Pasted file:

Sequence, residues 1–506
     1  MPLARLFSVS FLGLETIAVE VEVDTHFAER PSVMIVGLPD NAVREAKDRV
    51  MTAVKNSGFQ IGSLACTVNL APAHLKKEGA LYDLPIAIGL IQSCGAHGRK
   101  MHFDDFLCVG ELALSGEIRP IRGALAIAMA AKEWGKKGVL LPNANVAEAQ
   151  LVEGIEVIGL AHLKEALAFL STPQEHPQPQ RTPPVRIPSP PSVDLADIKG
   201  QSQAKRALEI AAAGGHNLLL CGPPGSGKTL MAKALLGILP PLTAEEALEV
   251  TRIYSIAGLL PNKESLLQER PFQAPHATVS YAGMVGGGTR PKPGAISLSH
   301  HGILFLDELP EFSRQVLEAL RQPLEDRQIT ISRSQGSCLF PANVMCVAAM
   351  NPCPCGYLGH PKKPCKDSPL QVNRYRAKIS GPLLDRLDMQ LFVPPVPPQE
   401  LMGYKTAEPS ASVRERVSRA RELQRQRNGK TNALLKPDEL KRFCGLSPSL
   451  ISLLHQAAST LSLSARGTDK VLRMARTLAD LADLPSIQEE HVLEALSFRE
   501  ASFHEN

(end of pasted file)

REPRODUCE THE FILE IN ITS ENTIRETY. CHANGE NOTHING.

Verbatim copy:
Sequence, residues 1–506
     1  MPLARLFSVS FLGLETIAVE VEVDTHFAER PSVMIVGLPD NAVREAKDRV
    51  MTAVKNSGFQ IGSLACTVNL APAHLKKEGA LYDLPIAIGL IQSCGAHGRK
   101  MHFDDFLCVG ELALSGEIRP IRGALAIAMA AKEWGKKGVL LPNANVAEAQ
   151  LVEGIEVIGL AHLKEALAFL STPQEHPQPQ RTPPVRIPSP PSVDLADIKG
   201  QSQAKRALEI AAAGGHNLLL CGPPGSGKTL MAKALLGILP PLTAEEALEV
   251  TRIYSIAGLL PNKESLLQER PFQAPHATVS YAGMVGGGTR PKPGAISLSH
   301  HGILFLDELP EFSRQVLEAL RQPLEDRQIT ISRSQGSCLF PANVMCVAAM
   351  NPCPCGYLGH PKKPCKDSPL QVNRYRAKIS GPLLDRLDMQ LFVPPVPPQE
   401  LMGYKTAEPS ASVRERVSRA RELQRQRNGK TNALLKPDEL KRFCGLSPSL
   451  ISLLHQAAST LSLSARGTDK VLRMARTLAD LADLPSIQEE HVLEALSFRE
   501  ASFHEN